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WWF works to sustain the natural world for the benefit of people and wildlife, collaborating with partners from local to global levels in nearly 100 countries.
You wander slowly through a forest, steps cushioned by moss. Or you sit in a grassy patch, warmed by the sun. An aroma of damp earth wafts up. Trees sigh in the wind, leaves fluttering. A part of you, deep down, sighs too.
Relaxing in nature is hardly a new notion, but the increasingly popular practice of forest bathing, or shinrin-yoku, goes deeper. The Japanese tradition is not about being in water but about simply immersing one’s senses in the environment. Practicing alone or with others, “bathers” seek to connect with the natural world, disconnect from stress, and improve their well-being.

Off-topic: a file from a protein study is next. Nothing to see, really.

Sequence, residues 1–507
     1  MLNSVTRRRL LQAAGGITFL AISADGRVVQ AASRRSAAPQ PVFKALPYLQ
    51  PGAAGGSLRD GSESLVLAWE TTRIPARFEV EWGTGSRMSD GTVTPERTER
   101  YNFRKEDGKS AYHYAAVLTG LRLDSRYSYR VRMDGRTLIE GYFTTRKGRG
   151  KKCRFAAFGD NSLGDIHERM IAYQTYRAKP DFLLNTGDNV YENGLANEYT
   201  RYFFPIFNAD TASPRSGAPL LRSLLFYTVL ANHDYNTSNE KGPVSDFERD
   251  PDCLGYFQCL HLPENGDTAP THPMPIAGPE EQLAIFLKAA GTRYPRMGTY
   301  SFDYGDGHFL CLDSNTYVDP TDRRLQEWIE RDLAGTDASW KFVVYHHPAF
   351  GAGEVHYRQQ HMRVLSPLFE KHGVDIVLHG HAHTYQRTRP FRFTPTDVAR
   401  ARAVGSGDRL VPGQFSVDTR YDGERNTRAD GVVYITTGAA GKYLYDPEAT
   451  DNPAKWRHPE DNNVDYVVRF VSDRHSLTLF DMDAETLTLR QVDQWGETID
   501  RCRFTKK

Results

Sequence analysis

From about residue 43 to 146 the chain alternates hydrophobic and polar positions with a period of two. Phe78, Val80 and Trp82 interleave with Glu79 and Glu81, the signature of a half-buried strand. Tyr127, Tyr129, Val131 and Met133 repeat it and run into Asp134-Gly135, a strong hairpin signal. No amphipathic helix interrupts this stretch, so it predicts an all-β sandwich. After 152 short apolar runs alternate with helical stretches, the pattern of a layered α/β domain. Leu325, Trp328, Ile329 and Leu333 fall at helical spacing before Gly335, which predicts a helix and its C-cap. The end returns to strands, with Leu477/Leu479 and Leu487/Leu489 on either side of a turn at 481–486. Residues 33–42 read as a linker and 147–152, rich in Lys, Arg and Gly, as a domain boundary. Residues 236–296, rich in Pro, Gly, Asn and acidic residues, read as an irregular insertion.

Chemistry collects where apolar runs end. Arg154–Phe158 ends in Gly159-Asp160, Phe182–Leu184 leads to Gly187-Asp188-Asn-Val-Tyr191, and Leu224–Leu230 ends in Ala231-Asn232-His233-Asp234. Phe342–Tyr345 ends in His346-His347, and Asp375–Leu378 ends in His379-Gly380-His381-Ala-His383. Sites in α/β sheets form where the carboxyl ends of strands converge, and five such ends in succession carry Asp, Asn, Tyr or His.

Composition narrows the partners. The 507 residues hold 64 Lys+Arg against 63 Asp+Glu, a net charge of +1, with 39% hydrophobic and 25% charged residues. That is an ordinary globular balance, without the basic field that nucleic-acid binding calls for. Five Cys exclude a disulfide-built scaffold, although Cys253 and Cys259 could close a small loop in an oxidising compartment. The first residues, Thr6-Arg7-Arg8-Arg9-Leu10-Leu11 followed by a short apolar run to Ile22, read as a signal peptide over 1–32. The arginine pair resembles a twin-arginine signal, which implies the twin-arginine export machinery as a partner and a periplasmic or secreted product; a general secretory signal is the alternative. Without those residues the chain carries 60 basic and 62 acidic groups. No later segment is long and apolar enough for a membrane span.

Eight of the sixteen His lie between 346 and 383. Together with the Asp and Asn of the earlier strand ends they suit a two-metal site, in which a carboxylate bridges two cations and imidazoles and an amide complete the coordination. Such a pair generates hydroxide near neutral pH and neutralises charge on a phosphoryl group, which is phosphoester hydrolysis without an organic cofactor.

Savoring the outdoors can even bolster your health, studies show. Researchers in Japan found forest bathing lowers blood pressure and stress hormone levels and strengthens the immune system. And people who spent at least two hours a week in nature reported feeling a greater sense of well-being than those who didn’t get outdoors, according to a paper published in Scientific Reports.
There’s no need to live near deep woods to forest bathe, either; just find a secluded natural area, ideally with trees. Observe small details: sunlight playing through the leaf canopy, the roughness of oak bark compared with the smoothness of birch, or the melody of a songbird. Some bathers combine sensory immersion with breathing exercises, meditation, and yoga. And for those interested in guidance, forest therapy experts offer mindful nature excursions.